IN THIS POST:
Starting with Saunders' excellent Telegraph article I'll look at arguments that BJB is too British for the US market; non-English markets experience a radically different Bridget through culturally-weighted translations (eg Spain) - and even censorship (Japan). Japanese subtitles reposition Jones as closer to a traditional stereotypical female through certain formalities of grammar. Greeks were among many non-UK/US (Australia/NZ/Canada?) audiences to be left none the wiser when Aretha's Respect kicked in at a key point in the original movie - iconic tunes that 'everyone knows' don't necessarily cross Western, English-language borders.
A nuanced view of WT's strategy.
Saunders cites a number of academic studies in doing so - this is a much-studied franchise and cultural phenomenon, so challenge yourself and look out for more in-depth reading!
One such example that I will re-read in due course, not least as it presents intriguing arguments on the tensions between WT and Richard Curtis' script between appealing to the domestic and US markets: Jones is at once Americanised and critical of American culture ... is the book Falling in Love Again: Romantic Comedy in Contemporary Cinema (Abbott, Jermyn eds. (2008)).
I'll get to view the film in due course - but your own (or second hand) observations from this would be welcomed (post a comment).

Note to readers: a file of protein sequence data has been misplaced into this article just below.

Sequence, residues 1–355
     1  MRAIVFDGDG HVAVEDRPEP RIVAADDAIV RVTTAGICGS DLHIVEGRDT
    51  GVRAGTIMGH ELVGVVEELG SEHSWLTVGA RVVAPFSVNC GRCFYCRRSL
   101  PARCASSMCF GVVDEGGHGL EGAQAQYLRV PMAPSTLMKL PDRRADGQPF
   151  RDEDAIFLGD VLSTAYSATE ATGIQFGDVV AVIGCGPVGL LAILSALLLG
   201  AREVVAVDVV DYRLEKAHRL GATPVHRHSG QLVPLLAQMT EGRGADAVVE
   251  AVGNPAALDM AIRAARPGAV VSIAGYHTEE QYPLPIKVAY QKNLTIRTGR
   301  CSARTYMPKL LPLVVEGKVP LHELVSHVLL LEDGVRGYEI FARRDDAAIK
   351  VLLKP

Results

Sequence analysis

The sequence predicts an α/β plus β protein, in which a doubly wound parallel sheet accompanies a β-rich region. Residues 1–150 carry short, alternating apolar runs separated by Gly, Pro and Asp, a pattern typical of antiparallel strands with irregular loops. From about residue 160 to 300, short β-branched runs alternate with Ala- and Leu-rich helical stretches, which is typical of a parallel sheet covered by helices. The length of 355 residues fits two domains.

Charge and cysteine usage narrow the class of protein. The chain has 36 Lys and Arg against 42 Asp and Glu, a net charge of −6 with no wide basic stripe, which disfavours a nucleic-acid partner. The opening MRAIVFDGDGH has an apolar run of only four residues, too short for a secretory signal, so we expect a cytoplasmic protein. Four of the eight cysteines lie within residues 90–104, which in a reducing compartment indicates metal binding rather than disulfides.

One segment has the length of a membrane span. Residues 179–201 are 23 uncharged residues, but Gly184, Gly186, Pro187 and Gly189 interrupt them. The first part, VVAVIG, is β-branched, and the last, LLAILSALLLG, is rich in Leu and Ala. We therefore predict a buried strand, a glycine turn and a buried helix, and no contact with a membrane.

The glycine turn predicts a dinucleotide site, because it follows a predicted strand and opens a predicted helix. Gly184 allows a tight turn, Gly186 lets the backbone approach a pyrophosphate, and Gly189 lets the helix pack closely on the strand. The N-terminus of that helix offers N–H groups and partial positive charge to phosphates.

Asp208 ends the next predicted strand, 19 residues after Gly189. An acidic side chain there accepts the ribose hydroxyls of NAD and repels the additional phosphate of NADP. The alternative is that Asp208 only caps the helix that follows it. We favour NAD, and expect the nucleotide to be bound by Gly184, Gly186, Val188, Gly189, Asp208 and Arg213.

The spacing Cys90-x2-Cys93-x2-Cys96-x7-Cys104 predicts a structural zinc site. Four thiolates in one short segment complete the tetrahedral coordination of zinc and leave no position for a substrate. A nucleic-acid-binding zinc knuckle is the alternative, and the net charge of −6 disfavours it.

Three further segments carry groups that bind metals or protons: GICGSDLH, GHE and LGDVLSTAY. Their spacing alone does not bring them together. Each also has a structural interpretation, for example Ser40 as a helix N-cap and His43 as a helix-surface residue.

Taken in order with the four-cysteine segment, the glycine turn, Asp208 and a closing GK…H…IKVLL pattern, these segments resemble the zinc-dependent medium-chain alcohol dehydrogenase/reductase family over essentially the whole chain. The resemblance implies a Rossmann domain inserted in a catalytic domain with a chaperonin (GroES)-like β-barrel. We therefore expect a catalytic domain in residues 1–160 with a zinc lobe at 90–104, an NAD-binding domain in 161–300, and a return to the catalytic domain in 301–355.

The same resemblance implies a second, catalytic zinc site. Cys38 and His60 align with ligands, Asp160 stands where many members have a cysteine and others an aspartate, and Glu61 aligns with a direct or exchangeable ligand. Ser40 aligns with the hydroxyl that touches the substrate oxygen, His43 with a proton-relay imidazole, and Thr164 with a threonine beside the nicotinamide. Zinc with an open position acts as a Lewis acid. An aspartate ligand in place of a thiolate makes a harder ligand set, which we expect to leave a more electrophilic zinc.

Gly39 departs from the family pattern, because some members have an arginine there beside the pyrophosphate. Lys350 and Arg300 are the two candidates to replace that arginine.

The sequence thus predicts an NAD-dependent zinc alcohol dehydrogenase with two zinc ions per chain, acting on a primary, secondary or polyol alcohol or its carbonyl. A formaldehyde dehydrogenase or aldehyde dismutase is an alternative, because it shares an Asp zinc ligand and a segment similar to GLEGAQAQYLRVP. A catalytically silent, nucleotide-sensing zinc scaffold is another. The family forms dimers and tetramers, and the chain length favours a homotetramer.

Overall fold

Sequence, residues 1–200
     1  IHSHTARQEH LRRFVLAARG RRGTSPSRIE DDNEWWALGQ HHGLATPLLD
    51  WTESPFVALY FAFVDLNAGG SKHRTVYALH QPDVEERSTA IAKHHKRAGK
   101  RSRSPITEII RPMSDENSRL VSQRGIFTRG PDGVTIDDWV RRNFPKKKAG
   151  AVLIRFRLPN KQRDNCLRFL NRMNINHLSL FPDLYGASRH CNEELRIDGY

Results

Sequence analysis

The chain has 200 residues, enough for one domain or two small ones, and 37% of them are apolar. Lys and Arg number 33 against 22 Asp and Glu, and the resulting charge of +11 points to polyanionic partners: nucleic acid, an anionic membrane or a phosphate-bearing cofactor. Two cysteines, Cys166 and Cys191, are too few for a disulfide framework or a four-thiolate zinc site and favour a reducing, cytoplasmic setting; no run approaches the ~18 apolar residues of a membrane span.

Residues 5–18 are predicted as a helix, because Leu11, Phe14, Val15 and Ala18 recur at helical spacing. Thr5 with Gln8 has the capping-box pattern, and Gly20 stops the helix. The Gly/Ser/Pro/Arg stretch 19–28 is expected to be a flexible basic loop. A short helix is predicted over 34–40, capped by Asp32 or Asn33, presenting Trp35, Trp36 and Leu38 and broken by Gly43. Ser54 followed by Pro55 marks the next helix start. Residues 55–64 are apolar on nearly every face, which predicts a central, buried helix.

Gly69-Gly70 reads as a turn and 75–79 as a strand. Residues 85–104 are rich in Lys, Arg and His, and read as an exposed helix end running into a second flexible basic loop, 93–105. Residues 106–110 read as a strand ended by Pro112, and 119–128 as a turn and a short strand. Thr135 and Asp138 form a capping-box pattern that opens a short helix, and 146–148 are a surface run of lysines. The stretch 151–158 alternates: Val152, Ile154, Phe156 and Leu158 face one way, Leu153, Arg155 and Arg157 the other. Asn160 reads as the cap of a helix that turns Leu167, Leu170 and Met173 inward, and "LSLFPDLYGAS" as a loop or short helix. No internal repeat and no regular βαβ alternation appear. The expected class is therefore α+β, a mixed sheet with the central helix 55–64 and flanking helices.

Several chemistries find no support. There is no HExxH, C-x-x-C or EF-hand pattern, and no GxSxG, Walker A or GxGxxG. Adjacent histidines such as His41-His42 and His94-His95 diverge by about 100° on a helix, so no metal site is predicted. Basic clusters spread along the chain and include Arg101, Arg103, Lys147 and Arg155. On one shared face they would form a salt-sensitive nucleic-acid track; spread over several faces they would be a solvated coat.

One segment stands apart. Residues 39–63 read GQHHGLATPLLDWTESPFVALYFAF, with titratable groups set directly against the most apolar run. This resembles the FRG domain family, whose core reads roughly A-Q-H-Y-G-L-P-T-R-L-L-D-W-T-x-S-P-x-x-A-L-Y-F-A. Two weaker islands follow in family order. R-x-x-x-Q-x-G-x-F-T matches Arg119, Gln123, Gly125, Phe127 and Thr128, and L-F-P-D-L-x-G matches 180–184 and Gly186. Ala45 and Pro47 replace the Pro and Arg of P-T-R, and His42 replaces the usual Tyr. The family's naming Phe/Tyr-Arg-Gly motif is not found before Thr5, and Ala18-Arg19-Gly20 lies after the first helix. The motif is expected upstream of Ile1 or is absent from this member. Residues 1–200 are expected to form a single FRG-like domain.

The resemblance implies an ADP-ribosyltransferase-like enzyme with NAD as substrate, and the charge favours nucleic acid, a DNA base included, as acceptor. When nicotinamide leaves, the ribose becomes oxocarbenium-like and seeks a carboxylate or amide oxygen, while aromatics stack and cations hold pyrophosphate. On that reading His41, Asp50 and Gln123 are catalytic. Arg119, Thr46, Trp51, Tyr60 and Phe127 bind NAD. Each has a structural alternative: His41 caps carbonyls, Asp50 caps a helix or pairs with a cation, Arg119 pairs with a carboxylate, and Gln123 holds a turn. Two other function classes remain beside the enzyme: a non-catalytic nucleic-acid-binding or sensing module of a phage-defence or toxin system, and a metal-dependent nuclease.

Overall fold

TOO CULTURALLY ALIEN FOR THE US MARKET?
|Headline for the Saunders piece.|
On the one hand WT's aspiration for success with US audiences is glaring ... but films such as this do retain some uncompromising culturally British notes that don't sit so well with a mainstream audience:
ridget, a loveable shambles, “refuses the model of efficient consumer in her personal life,” Marsh writes, suggesting that her self-deprecating view of her life runs counter to American cultural norms. In other words, by valuing a sense of "community" and romance, and caring less about material wealth, Bridget is the opposite of the "soulless profit-maximizing individual" modern capitalism encourages us to be.This is taken from Saunders' astute analysis of factors limiting BJB's US success (Telegraph article), in which he cites 'since the release of the first film in 2001, a sizeable field of serious essays have been published analysing both the film franchise and the novels by Helen Fielding on which it is based'.